Variety reports that Due Date writer Adam Sztykiel has sold a comedy pitch The Fight Before Christmas to Fox and the studio has immediately set the project up at Shawn Levy's (Date Night, Night at the Museum) 21 Laps production banner. Other than disclosing that Fight is a family-centered comedy, studio's keeping the logline under wraps. Levy may direct after he wraps Real Steel for DreamWorks, which is set to begin shooting next month.
Additionally, and more interesting in my eyes is the news that Sztykiel has been hired to re-write Lionsgate's The Game (not to be confused with David Fincher's 1997 mind-screw), an adaptation of Neil Strauss' novel The Game: Penetrating the Secret Society of Pickup Artists. The film centers on a community of pickup artists who offer their tips for seduction for the right price. Newcomer Ari Sandel will direct.
I think that The Game has huge R-rated potential, akin to what The Hangover and Knocked Up did for adult themed comedies. With the right lead in both of these new projects, Sztykiel's name should get a whole lot more recognizable in the near future (but no less hard to pronounce).
Source: Variety, Collider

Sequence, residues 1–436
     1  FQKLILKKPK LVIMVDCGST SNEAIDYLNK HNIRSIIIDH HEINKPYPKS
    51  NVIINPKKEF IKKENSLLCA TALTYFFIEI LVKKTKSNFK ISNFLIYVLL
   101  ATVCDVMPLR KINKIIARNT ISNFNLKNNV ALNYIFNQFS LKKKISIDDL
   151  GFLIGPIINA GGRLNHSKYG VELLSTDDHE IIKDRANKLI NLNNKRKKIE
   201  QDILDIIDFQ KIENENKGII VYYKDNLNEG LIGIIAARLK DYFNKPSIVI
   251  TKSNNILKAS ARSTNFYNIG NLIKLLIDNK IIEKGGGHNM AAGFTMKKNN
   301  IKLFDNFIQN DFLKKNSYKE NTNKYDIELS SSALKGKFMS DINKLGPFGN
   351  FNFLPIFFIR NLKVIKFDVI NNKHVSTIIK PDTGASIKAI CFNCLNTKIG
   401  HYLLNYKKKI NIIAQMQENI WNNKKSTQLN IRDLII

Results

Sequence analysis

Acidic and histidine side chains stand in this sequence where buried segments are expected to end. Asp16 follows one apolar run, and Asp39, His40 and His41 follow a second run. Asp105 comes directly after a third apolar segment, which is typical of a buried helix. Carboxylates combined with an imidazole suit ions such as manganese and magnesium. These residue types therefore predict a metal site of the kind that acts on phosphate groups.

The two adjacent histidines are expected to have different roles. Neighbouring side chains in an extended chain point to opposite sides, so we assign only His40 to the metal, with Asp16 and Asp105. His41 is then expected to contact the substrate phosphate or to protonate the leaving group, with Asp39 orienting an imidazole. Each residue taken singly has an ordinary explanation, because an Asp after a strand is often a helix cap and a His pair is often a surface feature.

Welcome to My Best Friend’s Four Scottish Weddings and No Funeral. Indeed Made of Honor borrows heavily from both films which naturally leaves no surprises. Patrick Dempsey plays Tom a sexy successful guy who has all the luck with the ladies. His male friends (Kadeem Hardison Richmond Arquette Chris Messina) all envy him but Tom’s one constant in his life is his best friend Hannah (Monaghan). He doesn’t ever have to worry about wooing her; he can just be himself. But when Hannah goes overseas to Scotland on a six-week business trip Tom is stunned to realize how empty his life is without her. So he decides to come clean and tell her how she feels once she gets back--except she returns engaged to a Scottish duke (Kevin McKidd) who is just about the most perfect guy there is. D’oh! What’s a boy to do but break up the girl’s wedding and win her for himself? There’s no doubt Dempsey has become the poster boy for romantic comedies what with his turn in Enchanted and his McDreamy role on Grey's Anatomy. Problem is he generally never offers anything more than his handsome face leaving all the heavy lifting to his leading ladies i.e. Enchanted’s Amy Adams and now Honor’s Monaghan. This lovely actress who has proven herself to be more than just an ingénue in films such as Gone Baby Gone and Kiss Kiss Bang Bang has a natural effervescence which exudes in just about anything she does. She does everything in her power to drum up chemistry with the bland Dempsey--and we’re thankful for her effort. McKidd best known for playing the kick-ass Roman solider Lucius Vorenus on HBO's Rome has very little to do as the Scottish stud but effectively comes across as near-perfect. And Sydney Pollack also does a nice turn as Tom’s oft-married dad who gives his foolish son some sage words of advice. Made of Honor may be a derivative yawner but director Paul Weiland (City Slickers II) tries his best to inject some personality into the proceedings. The prelude to the wedding in Scotland is sort of fun. Us lowly Americans are introduced to many interesting Scottish customs like throwing tree trunks in a competition of strength--in kilts no less. Other than that there really isn’t anything going on of any major note. Honor’s only chance to make something of itself is if the ladies head into a different theater while their male companions go see Iron Man.